Romney won three out of five white votes, but that wasn’t enough. The results of 2012 signal the diminished sway of the white majority. Republicans who passed third-grade math must realize by now they’ll never win another national election banking only on the white vote.
If Republicans want conservativism to survive, they’ve got to embrace diversity.
That doesn’t mean billboards with elephants wearing sombreros. What it really requires is muzzling the party’s xenophobes so minorities can begin feeling as if they are welcome in the neighborhood. Eventually, more will want to hear the Republican message, which is rooted in basic values, such as family values and personal responsibility, which many diverse people understand and appreciate.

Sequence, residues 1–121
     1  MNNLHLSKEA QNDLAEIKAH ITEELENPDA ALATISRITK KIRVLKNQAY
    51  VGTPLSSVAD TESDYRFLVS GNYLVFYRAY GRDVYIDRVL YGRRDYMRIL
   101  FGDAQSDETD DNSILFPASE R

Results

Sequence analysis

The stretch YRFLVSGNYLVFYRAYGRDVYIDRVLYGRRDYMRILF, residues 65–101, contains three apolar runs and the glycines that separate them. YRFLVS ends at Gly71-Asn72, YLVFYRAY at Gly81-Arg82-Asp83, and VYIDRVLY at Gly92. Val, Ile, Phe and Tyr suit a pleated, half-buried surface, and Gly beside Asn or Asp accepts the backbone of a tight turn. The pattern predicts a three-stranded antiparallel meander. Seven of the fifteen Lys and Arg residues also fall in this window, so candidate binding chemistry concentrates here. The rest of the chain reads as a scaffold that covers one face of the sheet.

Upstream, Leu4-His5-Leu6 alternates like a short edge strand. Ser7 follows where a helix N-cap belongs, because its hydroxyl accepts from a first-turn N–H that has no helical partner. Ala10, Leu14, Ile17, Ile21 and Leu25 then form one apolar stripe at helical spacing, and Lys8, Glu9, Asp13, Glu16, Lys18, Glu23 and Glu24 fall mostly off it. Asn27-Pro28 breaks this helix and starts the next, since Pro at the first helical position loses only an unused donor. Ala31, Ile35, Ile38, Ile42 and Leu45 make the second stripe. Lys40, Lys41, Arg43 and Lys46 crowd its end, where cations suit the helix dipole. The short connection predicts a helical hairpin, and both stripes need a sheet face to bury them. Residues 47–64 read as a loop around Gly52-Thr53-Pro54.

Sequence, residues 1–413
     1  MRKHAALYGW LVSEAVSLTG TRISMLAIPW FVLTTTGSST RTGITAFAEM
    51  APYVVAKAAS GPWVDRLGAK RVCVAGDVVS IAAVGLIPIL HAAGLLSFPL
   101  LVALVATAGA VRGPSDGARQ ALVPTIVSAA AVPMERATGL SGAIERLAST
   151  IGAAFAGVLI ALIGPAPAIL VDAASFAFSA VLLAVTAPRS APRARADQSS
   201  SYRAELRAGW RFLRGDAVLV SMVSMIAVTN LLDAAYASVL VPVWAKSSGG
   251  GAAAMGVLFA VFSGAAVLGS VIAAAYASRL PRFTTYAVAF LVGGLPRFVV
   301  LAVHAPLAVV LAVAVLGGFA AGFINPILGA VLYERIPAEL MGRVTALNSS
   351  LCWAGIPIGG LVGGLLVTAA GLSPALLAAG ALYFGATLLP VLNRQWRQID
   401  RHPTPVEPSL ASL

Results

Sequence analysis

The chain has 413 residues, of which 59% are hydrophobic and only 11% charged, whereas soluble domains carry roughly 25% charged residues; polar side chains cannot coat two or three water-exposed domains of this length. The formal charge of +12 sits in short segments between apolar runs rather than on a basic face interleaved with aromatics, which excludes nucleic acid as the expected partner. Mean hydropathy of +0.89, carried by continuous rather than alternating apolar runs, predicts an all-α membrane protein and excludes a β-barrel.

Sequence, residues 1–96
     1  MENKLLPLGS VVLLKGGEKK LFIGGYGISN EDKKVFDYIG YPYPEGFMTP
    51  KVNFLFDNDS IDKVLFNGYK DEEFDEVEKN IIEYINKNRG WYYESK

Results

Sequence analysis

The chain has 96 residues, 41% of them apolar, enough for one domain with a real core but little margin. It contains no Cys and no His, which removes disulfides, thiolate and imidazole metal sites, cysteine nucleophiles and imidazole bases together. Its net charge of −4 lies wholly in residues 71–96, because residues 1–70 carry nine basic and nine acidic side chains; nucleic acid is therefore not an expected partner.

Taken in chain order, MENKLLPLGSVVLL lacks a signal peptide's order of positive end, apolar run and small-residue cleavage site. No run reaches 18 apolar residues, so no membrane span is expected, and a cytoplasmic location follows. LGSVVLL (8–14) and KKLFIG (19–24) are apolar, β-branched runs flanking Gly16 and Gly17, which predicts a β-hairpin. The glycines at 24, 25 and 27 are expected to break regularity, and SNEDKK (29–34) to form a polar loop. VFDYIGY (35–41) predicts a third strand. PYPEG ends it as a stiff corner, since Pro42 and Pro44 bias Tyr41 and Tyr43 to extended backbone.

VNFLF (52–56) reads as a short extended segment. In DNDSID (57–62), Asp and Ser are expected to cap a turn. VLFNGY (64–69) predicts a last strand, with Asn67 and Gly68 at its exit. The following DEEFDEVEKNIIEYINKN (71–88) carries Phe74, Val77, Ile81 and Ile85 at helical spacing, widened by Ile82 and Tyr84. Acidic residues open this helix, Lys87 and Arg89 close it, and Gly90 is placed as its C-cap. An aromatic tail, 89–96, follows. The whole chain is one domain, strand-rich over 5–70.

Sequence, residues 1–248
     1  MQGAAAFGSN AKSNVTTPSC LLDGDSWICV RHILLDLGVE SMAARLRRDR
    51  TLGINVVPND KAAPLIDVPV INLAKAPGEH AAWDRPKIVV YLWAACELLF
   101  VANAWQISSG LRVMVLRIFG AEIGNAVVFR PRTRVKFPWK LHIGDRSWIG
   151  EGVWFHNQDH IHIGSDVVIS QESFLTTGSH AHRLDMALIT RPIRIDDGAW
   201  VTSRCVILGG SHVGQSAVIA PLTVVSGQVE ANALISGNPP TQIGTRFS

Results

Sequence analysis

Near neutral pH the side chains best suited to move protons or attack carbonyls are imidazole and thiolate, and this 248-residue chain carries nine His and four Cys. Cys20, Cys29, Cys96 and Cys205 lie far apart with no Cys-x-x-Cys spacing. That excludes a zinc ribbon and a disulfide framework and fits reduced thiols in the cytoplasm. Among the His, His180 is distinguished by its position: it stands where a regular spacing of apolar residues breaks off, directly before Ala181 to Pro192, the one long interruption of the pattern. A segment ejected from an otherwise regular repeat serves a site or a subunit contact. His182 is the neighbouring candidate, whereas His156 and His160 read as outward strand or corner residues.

- 11-19-2012, 06:27 PM #2
- Join Date
- Nov 2004
- Raleigh, North Carolina, United States
- Blog Entries
I'm sorry, but I dont see a name on this. Exactly who is this talking crap to Republicans on behalf of illegal alien invaders? We need a name please.
WClick here to learn more about William Gheen President of ALIPAC
- 11-19-2012, 09:23 PM #3
- Join Date
- May 2006
It's an editorial. The Kearney Hub has had editorials like this one before with of course no name! I assume it's the editor, Michael Konz, that writes these. Here's another recent editorial from ths paper:
Latinos gave Obama big boost; is reform next?
Hub Opinion | Posted: Sunday, November 11, 2012 9:00 am
President Obama’s re-election victory shows the road to the White House winds through Hispanic neighborhoods, but will Obama lead the way to immigration reform during his second term?
Championing reform would solidify Obama’s appeal among Latinos and set the stage for more Democratic victories in 2014. However, considering what’s at stake politically, it’s possible that Republicans will acknowledge their vulnerability on immigration and take a strong look at proposing reforms of their own.